Building earthquake resistant homes in Oklahoma

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OKLAHOMA CITY -  We've been hit by so many earthquakes recently a lot of Oklahomans are looking at ways to insure their home against damage or at least figure out a way to make their home earthquake resistant.

It now appears one Oklahoma couple has found a solution.

Here in Oklahoma we deal with our fair share of natural disasters.

Most of the time we can weather proof our homes to save it from damage and even in some cases our lives, but there is one act of Mother Nature that we really have little experience with; earthquakes.

There is one Oklahoma couple who's dealt with one before and may have just found a way to earthquake proof their home.

"They built it all open because we have a large family," Jimmy Snyder says, "That earthquake may have torn down my house, but it didn't tear down my family."

Their family is still growing. They had 34 family members over just the other day for dinner and their home is brand new from the ground up.

It was rebuilt after an earthquake compromised the structure of the house they lived in for nearly forty years.

At the time it was the oldest in the small town of Dale. Now their home is one of the newest.

"It's taken a little bit to get used to," Snyder says.

Some adjustments have been made on the inside. It has a more open floor plan. Outside there is a small gap in the mortar; about an inch wide that the builder put it there.

And he says it may just help curb damage of future seismic activity.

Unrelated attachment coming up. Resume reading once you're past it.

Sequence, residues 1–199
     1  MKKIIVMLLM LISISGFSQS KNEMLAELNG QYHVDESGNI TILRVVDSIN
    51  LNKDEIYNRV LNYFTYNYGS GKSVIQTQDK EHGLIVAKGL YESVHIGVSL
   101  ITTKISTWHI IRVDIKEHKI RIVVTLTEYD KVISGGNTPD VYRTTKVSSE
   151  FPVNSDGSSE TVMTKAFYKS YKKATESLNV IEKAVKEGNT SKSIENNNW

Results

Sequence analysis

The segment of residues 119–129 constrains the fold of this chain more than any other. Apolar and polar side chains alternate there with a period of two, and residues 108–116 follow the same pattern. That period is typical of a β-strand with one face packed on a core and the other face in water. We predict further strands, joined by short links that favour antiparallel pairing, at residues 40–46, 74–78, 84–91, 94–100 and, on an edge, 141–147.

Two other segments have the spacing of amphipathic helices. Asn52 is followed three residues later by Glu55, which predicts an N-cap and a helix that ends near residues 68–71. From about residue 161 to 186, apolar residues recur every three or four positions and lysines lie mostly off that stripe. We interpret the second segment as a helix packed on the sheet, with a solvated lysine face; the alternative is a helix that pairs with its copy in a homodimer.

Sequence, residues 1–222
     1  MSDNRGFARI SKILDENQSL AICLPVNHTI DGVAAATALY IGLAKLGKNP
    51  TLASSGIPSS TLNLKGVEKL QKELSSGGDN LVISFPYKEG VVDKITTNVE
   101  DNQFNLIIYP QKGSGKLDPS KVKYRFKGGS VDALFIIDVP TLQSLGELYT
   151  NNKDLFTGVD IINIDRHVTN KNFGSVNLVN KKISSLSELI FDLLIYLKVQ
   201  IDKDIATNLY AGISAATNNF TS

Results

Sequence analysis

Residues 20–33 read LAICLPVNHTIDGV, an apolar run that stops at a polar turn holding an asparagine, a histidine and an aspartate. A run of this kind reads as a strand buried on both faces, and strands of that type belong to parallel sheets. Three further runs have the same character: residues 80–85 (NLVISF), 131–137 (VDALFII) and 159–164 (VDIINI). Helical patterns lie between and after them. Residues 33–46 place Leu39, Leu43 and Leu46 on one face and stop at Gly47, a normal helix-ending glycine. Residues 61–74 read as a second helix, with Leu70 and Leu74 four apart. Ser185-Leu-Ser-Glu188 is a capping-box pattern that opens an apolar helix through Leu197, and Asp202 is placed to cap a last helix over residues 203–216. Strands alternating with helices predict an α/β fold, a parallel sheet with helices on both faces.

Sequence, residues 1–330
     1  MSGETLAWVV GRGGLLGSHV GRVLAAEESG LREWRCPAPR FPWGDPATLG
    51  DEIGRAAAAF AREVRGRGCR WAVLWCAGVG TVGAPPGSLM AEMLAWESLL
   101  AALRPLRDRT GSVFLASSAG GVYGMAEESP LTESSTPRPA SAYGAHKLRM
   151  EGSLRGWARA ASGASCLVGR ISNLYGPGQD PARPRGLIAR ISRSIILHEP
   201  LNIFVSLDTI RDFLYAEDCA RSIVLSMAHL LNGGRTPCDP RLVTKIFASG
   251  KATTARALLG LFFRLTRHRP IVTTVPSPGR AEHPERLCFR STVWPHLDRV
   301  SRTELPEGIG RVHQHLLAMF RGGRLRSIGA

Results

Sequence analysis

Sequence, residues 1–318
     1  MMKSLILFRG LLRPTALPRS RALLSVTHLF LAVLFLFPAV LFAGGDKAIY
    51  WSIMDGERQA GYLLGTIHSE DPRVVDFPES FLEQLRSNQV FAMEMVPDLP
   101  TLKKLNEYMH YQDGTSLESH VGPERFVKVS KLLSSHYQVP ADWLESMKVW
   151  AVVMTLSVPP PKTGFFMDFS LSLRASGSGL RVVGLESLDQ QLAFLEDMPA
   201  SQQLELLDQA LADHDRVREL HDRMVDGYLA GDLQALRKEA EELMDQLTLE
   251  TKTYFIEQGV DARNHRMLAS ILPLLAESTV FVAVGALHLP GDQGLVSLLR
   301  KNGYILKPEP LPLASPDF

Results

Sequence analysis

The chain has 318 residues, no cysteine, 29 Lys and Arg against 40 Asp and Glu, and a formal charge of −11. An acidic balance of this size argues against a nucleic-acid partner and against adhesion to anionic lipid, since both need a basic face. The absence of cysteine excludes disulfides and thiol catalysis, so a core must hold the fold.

"It'll help break the movement of the house," Mrs. Snyder says. "It's to help with the expansion if your bricks move or anything like that."

It's never been proven, but the builder says he's been using this technique in houses for years to help with the shifting Oklahoma soil and Jimmy Snyder hasn't felt a quake since.

"Of all the earthquakes we've had in the past several months, I've never felt a one of them," Snyder says.

There's one on the north side and one on the south side of the Snyders’ home.

Back in 2011 the California Earthquake Authority visited the Snyder's but they had not seen their new home or the relatively unheard of expansion gaps on the exterior walls.

What they do know are ways to secure a home.

“The state of California has earthquake building codes in place for new construction but there are no codes in Oklahoma or any real experience in our state of retrofitting existing structures,” Janiele Maffei, with the California Earthquake Authority, says.

But in California the Earthquake Authority and FEMA are working together to come up with codes for older homes, not only for that state; but the rest of the country.

Earthquake insurance isn't required in Oklahoma. It's offered as a tack on to regular coverage. But, there are things you can do to prevent other claims.

"Avoid hanging any kind of artwork over your sleeping areas," Mai McCoy, Insurance Agent, says. “Purchasing a strap down kit for your water heater [is a good idea], because water heaters tend to be a little top heavy and if there is shaky movement it could topple over and pull out the gas line or the electrical connection."

Flexible gas or water lines can also give appliances a little wriggle room.

While there are no discounts for any of these adjustments, it never hurts to be prepared.

Insurance discounts are not given for any earthquake retrofitting, but some agencies we spoke with say that may soon be in the works.

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